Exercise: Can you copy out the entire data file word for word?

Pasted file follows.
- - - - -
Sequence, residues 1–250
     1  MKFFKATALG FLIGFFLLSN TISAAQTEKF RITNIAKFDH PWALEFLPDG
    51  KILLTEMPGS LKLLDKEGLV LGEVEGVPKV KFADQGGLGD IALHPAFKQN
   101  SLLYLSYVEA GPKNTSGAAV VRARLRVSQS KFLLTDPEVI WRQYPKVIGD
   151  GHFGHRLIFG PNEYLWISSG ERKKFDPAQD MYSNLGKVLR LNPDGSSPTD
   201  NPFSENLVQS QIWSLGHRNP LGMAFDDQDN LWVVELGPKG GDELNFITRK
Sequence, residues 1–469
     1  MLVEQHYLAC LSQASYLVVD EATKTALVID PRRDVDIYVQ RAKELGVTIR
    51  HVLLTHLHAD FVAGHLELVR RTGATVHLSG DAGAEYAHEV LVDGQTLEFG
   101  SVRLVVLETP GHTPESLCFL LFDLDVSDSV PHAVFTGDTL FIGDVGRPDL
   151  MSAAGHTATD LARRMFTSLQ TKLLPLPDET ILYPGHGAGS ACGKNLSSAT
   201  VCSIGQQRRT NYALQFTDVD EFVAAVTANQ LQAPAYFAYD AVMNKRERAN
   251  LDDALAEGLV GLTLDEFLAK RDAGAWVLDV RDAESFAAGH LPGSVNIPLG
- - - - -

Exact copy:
Sequence, residues 1–250
     1  MKFFKATALG FLIGFFLLSN TISAAQTEKF RITNIAKFDH PWALEFLPDG
    51  KILLTEMPGS LKLLDKEGLV LGEVEGVPKV KFADQGGLGD IALHPAFKQN
   101  SLLYLSYVEA GPKNTSGAAV VRARLRVSQS KFLLTDPEVI WRQYPKVIGD
   151  GHFGHRLIFG PNEYLWISSG ERKKFDPAQD MYSNLGKVLR LNPDGSSPTD
   201  NPFSENLVQS QIWSLGHRNP LGMAFDDQDN LWVVELGPKG GDELNFITRK
Sequence, residues 1–469
     1  MLVEQHYLAC LSQASYLVVD EATKTALVID PRRDVDIYVQ RAKELGVTIR
    51  HVLLTHLHAD FVAGHLELVR RTGATVHLSG DAGAEYAHEV LVDGQTLEFG
   101  SVRLVVLETP GHTPESLCFL LFDLDVSDSV PHAVFTGDTL FIGDVGRPDL
   151  MSAAGHTATD LARRMFTSLQ TKLLPLPDET ILYPGHGAGS ACGKNLSSAT
   201  VCSIGQQRRT NYALQFTDVD EFVAAVTANQ LQAPAYFAYD AVMNKRERAN
   251  LDDALAEGLV GLTLDEFLAK RDAGAWVLDV RDAESFAAGH LPGSVNIPLG